Category Archives: Church

Gay Christians: We’re Not Just In the Pews…

…some of us are in the pulpit, too.

The Huffington Post just published a pretty nifty list of “15 Inspiring LGBT Religious Leaders.

Reflecting and shaping the culture in which it is embedded, religion has historically been hostile to LGBT-identified people and communities. However, over the last three decades more denominations, congregations and individuals have come out in support of honoring the full humanity of Lesbian, Gay, Bisexual and Transgendered people. Today, hundreds, if not thousands, of religious communities are truly places of celebration, healing and hope for all people.

This initial list of 15 ground breaking individuals is just a sampling of the many LGBT religious leaders who have reclaimed religious traditions and communities.

The list includes Christians, Muslims, Jews, and spiritualists from across the globe.

Of course, not all of us can be great faith leaders… but being a dedicated follower is as important as being a passionate leader.  I pray that the doubts, fears, and injustice often experienced by our community don’t keep us from being committed people of faith.

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“I listened”: A Straight Pastor Talks About Loving the Gay Community

Like thousands of other southern gay guys, shortly after I “came out” I moved to New York City.  But even though I ran away from home, I didn’t run away from my faith.

In Brooklyn I found Christ’s Church for Brooklyn, a small community that opened every worship service by saying:

Welcome to all who have no church home, need strength, want to follow Christ, have doubts, or do not believe. Welcome to new visitors and to old friends. Welcome to grandparents, to mothers, fathers, to couples and to single people. Welcome to people of all colors, cultures, economies, abilities, and sexual orientations, to old and young, to believers and questioners – and welcome to questioning believers.

I had found a new home.

Joe, the pastor of our island of misfit toys, became a source of spiritual sanity for me.  He patiently walked with me though several difficult transitions: from being in the closet to being out of the closet… from having a career as a minister to floundering through under-employment… from enjoying a secure southern home to navigating the pressures of life in New York City.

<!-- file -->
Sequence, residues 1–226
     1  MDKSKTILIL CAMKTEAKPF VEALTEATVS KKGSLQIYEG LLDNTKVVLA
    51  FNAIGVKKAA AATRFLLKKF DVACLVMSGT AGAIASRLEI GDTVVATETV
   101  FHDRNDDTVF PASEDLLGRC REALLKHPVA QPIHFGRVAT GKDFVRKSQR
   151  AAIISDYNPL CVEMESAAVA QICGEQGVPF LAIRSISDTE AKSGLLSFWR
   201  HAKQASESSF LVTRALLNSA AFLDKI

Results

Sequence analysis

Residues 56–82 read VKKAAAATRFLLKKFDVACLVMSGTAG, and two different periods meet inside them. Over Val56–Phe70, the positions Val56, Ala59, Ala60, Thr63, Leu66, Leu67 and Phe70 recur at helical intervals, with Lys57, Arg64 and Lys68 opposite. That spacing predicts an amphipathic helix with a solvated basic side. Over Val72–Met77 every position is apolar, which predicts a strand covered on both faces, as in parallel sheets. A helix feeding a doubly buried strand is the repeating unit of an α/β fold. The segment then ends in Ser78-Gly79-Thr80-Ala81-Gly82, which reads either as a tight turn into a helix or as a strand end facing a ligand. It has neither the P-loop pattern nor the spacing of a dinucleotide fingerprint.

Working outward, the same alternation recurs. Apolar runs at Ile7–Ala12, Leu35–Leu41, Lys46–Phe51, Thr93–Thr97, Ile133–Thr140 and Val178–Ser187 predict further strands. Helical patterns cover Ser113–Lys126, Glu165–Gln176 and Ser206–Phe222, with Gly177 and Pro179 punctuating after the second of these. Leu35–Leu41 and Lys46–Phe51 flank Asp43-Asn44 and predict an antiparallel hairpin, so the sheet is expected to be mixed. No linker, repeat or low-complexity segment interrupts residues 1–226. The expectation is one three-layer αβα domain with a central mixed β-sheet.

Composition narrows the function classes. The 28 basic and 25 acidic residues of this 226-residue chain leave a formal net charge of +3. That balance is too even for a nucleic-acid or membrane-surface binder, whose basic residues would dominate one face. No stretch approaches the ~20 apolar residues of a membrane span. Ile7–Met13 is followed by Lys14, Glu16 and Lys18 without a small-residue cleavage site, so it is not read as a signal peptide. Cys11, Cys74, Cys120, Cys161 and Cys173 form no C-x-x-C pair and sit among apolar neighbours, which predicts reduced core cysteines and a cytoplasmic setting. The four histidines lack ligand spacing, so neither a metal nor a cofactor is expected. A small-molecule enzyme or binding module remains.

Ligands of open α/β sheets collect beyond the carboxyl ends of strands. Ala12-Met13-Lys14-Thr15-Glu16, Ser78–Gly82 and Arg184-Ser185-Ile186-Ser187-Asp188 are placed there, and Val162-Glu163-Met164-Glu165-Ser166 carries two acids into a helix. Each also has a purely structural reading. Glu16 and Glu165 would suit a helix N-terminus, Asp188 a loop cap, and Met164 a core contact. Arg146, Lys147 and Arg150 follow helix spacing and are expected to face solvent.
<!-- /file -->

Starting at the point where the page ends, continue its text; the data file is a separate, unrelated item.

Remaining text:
Although our congregation at Christ’s Church for Brooklyn was friendly to boys with boyfriends, our denomination was not — a dynamic that must have been quite difficult for Joe.

Below are a few of Joe’s reflections about how he came to understand and believe that God is for gay people, too.

I listened.

– Joe H.

When my more conservative friends ask me how I got to where I am with homosexuality; when they grill me on How in the world can you support the rights and lifestyles of homosexuals? Why is it that you help them realize that God loves them the way they are? Why do you tell them that to be fully human they must, THEY HAVE TO, embrace their created selves so that they can fully glorify God? I simply reply with, “I listened.”

I started listening while at seminary preparing to be a minister. A dear friend of mine who I knew while we both studied ministry at a conservative Christian college enrolled at the seminary where I was doing graduate work. One day at lunch, my friend sat me down and said, “Joe, I’m gay.” This was news to me but I tried to act cool and collected. So I responded with, “tell me your story.” He graciously did so. I listened and as I did, I’m sure my friend waited for a response but I gave none. I just listened.